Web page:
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The Real Reason Why Horror Movies Are Still Killing It At The Box Office

The horror movie genre has generally been a profitable asset for studios throughout movie history because they consistently draw big audiences. Simply put, viewers like to be scared, but only when they can emerge from a darkened theater and say to themselves, "It's only a movie."

However, the real reason studios keep making or distributing horror movies is because those big audiences help create large profit margins. Budgets have traditionally been lower on horror films than most other genres in showbiz, and once in a while a micro-budgeted movie comes along that transforms the industry. Perhaps the best example of that is "The Blair Witch Project," a supernatural thriller that earned more than $248 million worldwide against a $60,000 budget (via Box Office Mojo). The film essentially created the found-footage movie genre, and as such, spawned countless, low-budget imitators.

Unfortunately, the COVID-19 pandemic began wreaking havoc on the box office in early 2020, with many theater chains shutting down for months. And while films are starting to see a comeback with new releases opening in theaters again at a fairly consistent clip, business overall is still a mere shadow of it was before the pandemic. If there's one saving grace, the appetite still seems to exist for horror movies in theaters, which was proven once again with the release of producer Jordan Peele's new iteration of "Candyman."

Candyman is all but guaranteed to be a hit after its big opening

Despite the highly contagious Delta variant leading to a spike in COVID cases, audiences braved the threat to see "Candyman" during its opening weekend. By all indicators the opening was a massive success, taking in more than $27 million in worldwide ticket sales against an estimated $25 million budget (via CNBC). Unless theater owners surprisingly close their doors again, the Nia DaCosta-directed horror thriller is certain to be a hit.

"Horror movies are an accountant's, and studio executive's, dream with a huge upside of profit potential due to their inherent cost effectiveness; you don't need to break the bank to make a killer scary movie and the box-office results for the genre — particularly during the pandemic — have been most impressive," Paul Dergarabedian, senior media analyst at Comscore, told CNBC.

On the flip side, big budget films continue to struggle, even in normally bankable genres. CNBC said the budget of director James Gunn's supervillain movie "The Suicide Squad" had a production budget of $185 million, but has only grossed $154.5 million in theaters to date (the film also debuted on HBO Max the same day). On the superhero side, Disney and Marvel Studio's "Black Widow" has made $370 million worldwide against a $200 million production budget and $100 million marketing budget. Exacerbating that situation, of course, is star Scarlett Johansson's lawsuit against Disney, claiming the film's simultaneous release on the Disney+ streaming service caused her tens of millions of dollars in profit earnings. So far, Disney has only reported that it made $60 million from the film's opening weekend from the film's Premier Access option on Disney+.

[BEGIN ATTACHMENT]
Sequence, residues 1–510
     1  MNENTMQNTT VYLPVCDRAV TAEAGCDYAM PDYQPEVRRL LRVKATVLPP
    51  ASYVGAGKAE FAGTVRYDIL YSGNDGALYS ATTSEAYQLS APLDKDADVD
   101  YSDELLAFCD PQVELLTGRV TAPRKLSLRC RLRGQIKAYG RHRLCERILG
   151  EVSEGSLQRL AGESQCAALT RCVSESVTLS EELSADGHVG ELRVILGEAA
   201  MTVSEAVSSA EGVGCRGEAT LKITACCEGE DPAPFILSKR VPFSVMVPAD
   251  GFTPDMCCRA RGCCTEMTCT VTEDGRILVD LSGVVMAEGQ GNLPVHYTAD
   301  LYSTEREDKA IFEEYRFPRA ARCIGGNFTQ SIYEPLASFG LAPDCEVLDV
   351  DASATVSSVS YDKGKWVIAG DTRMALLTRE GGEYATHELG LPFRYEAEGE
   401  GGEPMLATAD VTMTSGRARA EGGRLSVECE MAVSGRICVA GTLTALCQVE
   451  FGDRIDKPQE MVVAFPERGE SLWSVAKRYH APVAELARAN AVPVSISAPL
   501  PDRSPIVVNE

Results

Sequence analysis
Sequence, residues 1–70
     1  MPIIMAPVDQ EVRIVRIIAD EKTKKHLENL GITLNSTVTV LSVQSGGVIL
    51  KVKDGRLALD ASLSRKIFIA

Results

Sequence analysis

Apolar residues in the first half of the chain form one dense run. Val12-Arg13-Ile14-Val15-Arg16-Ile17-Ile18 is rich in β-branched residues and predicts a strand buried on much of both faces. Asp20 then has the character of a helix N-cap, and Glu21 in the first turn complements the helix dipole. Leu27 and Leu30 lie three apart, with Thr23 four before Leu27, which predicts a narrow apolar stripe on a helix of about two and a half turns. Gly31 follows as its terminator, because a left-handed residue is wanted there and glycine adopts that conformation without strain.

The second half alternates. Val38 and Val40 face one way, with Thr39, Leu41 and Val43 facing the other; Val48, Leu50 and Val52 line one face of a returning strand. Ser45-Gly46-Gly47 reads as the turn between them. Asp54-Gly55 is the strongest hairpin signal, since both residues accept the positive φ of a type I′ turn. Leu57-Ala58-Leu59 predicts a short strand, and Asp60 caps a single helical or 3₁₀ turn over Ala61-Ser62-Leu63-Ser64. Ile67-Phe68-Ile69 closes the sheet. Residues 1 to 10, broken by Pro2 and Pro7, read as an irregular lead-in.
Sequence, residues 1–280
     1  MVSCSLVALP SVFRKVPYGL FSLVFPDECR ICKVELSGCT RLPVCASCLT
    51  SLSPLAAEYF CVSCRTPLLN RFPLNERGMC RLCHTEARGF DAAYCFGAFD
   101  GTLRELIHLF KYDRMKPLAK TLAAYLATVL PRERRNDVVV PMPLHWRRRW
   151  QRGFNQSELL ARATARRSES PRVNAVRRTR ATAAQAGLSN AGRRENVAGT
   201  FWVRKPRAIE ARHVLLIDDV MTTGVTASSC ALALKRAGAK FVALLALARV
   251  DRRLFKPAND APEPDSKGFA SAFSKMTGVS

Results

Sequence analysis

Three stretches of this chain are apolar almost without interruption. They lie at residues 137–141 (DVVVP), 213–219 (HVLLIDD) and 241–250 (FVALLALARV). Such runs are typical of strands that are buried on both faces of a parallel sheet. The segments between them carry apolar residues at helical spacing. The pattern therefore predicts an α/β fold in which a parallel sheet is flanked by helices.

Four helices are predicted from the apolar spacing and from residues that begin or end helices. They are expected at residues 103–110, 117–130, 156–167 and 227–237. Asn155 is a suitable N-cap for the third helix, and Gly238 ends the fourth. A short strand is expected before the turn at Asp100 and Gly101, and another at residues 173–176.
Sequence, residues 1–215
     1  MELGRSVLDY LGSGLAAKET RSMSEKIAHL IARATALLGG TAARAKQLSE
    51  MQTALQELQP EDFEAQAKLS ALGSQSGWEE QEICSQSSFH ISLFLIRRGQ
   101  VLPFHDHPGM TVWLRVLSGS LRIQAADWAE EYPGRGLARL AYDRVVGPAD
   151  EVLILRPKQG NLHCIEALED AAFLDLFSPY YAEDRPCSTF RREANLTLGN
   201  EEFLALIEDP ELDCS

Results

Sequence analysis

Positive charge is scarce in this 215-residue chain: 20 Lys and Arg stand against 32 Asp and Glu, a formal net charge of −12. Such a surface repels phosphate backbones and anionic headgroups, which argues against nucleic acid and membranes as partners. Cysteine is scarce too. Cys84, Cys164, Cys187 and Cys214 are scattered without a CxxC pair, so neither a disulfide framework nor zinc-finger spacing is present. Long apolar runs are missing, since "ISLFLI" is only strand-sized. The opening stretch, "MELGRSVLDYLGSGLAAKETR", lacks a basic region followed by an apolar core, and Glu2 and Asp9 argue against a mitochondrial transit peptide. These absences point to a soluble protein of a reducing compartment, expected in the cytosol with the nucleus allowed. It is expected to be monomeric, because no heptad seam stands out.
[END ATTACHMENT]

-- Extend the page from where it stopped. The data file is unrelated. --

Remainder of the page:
A Quiet Place II and The Conjuring 3 were also worldwide hits

"Candyman" is the latest in the trend of horror movies during the pandemic that making a killing at the box office. Released in May, "A Quiet Place Part II" has gone on to gross more than $296 million worldwide against its $22 million budget, while "The Conjuring: The Devil Made Me Do It," made for an estimated $40 million, has rung up nearly $202 million in global ticket sales.

Like before, the main reason horror films are attracting huge numbers appears to be that audiences love the communal experience of being scared. "The movie theater experience is tailor-made for horror movie viewing and thus the relationship between theatrical exhibition and this most consistent, and indeed profitable, of genres will continue for as long as audiences are excited about being scared in a darkened room with a bunch of strangers," Dergarabedian told CNBC.

Will Halloween Kills also make a killing?

With four months to go in 2021, more horror films are poised to join the ranks of this year's hit movies. Chief among them is "Halloween Kills," due to arrive in theaters on October 15. Already delayed a year because of the pandemic, "Halloween Kills" is the first of two sequels based on director David Gordon Green's "Halloween" reboot from 2018. The final film in the reboot series, "Halloween Ends," is currently set to be released October 14, 2022.

Starring Jamie Lee Curtis in a reprisal of her character of Laurie Strode from the 1978 version of "Halloween," the reboot was, as expected, a monster hit. Released a couple of weeks before Halloween in October of 2018, "Halloween" grossed more than $255 million against a paltry $10 million budget. If the "Halloween Kills" budget is anywhere similar to the amount its predecessor was made for, look for the film to join the list of horror movie blockbusters in 2021.